A tick latches on to its victim for as long as it needs to get its meal. When ticks don’t get disturbed, they’ll stay on their host for a day or two. Bed bugs, however, work a little differently at getting their meals. A bed bug will sit on the surface of your skin and scratch a small area in order to expose it. A beak-like body part allows them to pierce through your skin and drink up your blood.

Ticks vs. Bed Bugs: Habitat

A bed bug’s preferred habitat is a bed, however, it can also reside in upholstery cushions and other furniture, such as chairs. It is safe to assume that bed bugs will always be indoors as they prefer to be close to their hosts so that they are not disturbed from having a meal. 

As for ticks, they live outside in grassy and wooded areas. Ticks also do not infest buildings like bed bugs do. Instead, they wait for passing animals in the wild to hop on them in order to feast on their next meal. 

Ticks vs. Bed Bugs: Diseases

Among the major differences between ticks and bed bugs is the degree of harm they are able to cause to humans. Certainly, no one wants any type of parasite to harm them, but ticks can present serious issues if left unattended. It is known that ticks are able to transmit diseases like Lyme disease, Rocky Mountain Spotted Fever, babesiosis, and Southern Tick-Associated Rash Illness to humans. There are no known diseases that are spread by bed bugs.

Ticks vs. Bed Bugs: Avoiding Them

Cover up when you go on hikes to avoid getting a tick on you.

©Maria T Hoffman/Shutterstock.com

The best way to prevent ticks and bed bugs from biting you is to take preventative measures. The best thing to do with ticks, especially, is to be on the safe side.

If you don’t want ticks to live in your yard, it is best not to keep any wood piles in your yard where they can hide. Maintain a regular mowing schedule in order to prevent the grass from becoming a hiding place for these pests. There are a few things you can do to ensure you are safe when hiking. If you plan to go into woods or grassy areas, wear protective clothing and avoid wandering off the path.

To prevent bed bugs from getting into your home, you should never take in mattresses or furniture off the street, and if you can, avoid purchasing furniture from consignment shops that are used. The first thing that you should do when you return from a trip is to inspect your suitcase and even vacuum it. The best way to ensure your mattress is protected for a long time is by purchasing an encasement for it.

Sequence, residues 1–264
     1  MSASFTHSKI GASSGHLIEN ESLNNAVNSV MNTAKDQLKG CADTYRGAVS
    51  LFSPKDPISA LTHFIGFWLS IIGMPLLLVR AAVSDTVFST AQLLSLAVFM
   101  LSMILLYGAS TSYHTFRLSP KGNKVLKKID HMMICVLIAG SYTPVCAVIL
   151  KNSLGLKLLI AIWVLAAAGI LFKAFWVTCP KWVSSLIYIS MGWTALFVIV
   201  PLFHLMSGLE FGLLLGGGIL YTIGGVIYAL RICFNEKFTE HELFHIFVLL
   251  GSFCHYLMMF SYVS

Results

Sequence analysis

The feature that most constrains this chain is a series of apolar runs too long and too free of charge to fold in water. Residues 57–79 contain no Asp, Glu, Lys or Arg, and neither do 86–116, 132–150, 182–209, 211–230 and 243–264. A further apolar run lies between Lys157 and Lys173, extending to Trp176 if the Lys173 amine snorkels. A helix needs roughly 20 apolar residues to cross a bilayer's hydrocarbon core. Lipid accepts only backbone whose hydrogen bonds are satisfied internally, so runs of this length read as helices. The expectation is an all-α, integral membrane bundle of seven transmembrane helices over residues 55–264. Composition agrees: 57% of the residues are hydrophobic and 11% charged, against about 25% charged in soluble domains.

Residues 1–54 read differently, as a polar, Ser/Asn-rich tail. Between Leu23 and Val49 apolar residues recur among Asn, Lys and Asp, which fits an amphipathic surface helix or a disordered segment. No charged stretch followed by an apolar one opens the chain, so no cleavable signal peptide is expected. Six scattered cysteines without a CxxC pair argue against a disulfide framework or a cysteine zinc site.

The Featured Image

Close up female rhipicephalus sanguineus on recycle paper. They get their common name from its overall reddish brown color.
Ticks can spread diseases.
© 7th Son Studio/Shutterstock.com

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About the Author

Volia Nikaci is a freelance copywriter and content editor with a passion and expertise in content creation, branding, and marketing. She has a background in Broadcast Journalism & Political Science from CUNY Brooklyn College. When she's not writing she loves traveling, perusing used book stores, and hanging out with her other half.

FAQs (Frequently Asked Questions) 

Is a tick bigger than a bed bug?

The answer is yes and no. Most ticks are only a few millimeters long, while some bed bugs can grow to more than three-eighths of an inch. A few varieties of ticks, however, can grow larger than one inch, but they do not exist in the United States.

Does a bed have the potential to harbor ticks?

Ticks do not live inside beds or furniture in the way bed bugs do. They primarily live outdoors. However, if they have already attached themselves to you, then they could wind up in your bed after they have finished feeding. They may even hop onto your pets from that point. 

What is the best way to kill bed bugs instantly?

When it comes to bed bugs, heat is the best defense because it kills them instantly. Heating a room to 130 degrees F will kill any bed bugs and their eggs in the room. The following household products will also kill bed bugs, though not immediately: Clorox, Lysol, hydrogen peroxide, and Diatomaceous Earth.